In 1977, Deaconess Medical Center, Spokane, Washington, was receiving requests for assistance from rural hospitals in the four state service area. These requests included the need for help with educational classes to be brought to the facilities; clinical experiences at Deaconess, policies and procedures, etc. An advisory committee of department directors was formed to develop a program to help meet the needs as requested by the rural hospitals. In 1978 the "Outreach Program: Sharing Knowledge" became a reality. Administration appointed Anna Mae Ericksen director of the program.
Grants were next received to assist Deaconess to administrate the project and to make it cost effective for the rural hospitals. Sixteen rural directors of nursing service and educators were asked to serve on a nursing advisory committee and work with the Deaconess Directors and to meet monthly at Deaconess. Educational classes requested by the individual hospitals were designed by Deaconess Specialists in consortium with the requesting facility to meet each hospital's need. Deaconess specialists were the presenters and scheduling was done by both parties. In 1984 the nursing advisory committee voted to plan a 1985 conference for rural nurses by rural nurses. 285 RNs and LPNs attended the first conference. Plans were made to annually present a conference with the nursing advisory committee serving as the conference planning committee. A logo for the conference was designed depicting a rural theme. At the 1987 conference, Anna Mae Ericksen was presented with a medallion designed with the logo. At the 1988 conference, Anna Mae spoke to the registrants about her vision for a rural nurse organization. The idea was enthusiastically received and plans made to move ahead with forming the organization. Seed money was received from the registrants to assist with costs. A steering committee of 25 nurses from three states and one Canadian province met to develop the purpose and definition of the organization as well as define the term "rural". Goals and objectives were established. Committees were formed and requested to have reports ready for the 1989 conference.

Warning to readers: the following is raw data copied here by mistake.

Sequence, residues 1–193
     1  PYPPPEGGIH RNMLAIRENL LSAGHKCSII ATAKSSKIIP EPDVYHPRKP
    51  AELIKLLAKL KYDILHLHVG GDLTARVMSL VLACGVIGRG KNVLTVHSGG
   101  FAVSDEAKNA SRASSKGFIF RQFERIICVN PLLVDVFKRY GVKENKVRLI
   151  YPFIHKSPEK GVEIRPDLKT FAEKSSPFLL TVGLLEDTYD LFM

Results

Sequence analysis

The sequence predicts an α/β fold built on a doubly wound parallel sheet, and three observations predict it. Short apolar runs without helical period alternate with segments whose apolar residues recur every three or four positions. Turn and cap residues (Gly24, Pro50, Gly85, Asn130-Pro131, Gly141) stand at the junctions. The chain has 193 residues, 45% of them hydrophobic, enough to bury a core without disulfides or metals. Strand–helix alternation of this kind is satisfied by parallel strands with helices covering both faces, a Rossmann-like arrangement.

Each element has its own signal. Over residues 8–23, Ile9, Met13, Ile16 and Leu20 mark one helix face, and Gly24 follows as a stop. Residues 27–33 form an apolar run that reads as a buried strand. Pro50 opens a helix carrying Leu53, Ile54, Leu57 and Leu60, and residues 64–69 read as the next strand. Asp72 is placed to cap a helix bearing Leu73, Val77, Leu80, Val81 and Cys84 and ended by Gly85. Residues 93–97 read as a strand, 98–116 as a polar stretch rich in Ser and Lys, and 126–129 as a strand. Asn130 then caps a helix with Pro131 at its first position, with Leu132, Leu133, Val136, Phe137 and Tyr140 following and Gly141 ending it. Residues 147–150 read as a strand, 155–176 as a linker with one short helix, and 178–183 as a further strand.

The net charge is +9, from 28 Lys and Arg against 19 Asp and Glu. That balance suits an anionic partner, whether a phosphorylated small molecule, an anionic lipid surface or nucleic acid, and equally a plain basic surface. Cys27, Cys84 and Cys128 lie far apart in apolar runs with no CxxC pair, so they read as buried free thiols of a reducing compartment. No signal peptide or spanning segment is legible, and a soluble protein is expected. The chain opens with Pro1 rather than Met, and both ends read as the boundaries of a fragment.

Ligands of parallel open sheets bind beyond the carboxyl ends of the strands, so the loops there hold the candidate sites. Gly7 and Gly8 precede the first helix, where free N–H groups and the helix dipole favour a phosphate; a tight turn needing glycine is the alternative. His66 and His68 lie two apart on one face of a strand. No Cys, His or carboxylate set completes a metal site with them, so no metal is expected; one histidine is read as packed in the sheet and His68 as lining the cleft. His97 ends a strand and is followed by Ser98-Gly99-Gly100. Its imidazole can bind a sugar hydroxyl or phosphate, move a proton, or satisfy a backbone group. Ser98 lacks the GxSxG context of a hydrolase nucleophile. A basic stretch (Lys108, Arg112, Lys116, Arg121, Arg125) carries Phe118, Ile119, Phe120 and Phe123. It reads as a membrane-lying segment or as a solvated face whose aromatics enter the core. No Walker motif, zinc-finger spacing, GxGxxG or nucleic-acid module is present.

Today the RNO has members from around the world. Our conferences typically rotate from West to East Coast of the US every other year. The official organ of the RNO is the Online Journal of Rural Nursing and Health Care which is in its 11th year of publication. The journal is referenced in CINAHL and EBSCO and is considered a leading source for research in rural nursing and the health of rural populations.
The mission of the RNO is shaping rural health care through nursing leadership and education. Our vision includes healthy communities, supportive worksites, and expert nurses specializing in rural nursing.
Click here to become download an RNO membership application: http://www.rno.org/downloads/rno_membership_application_2011.pdf
Last Updated: 8/26/11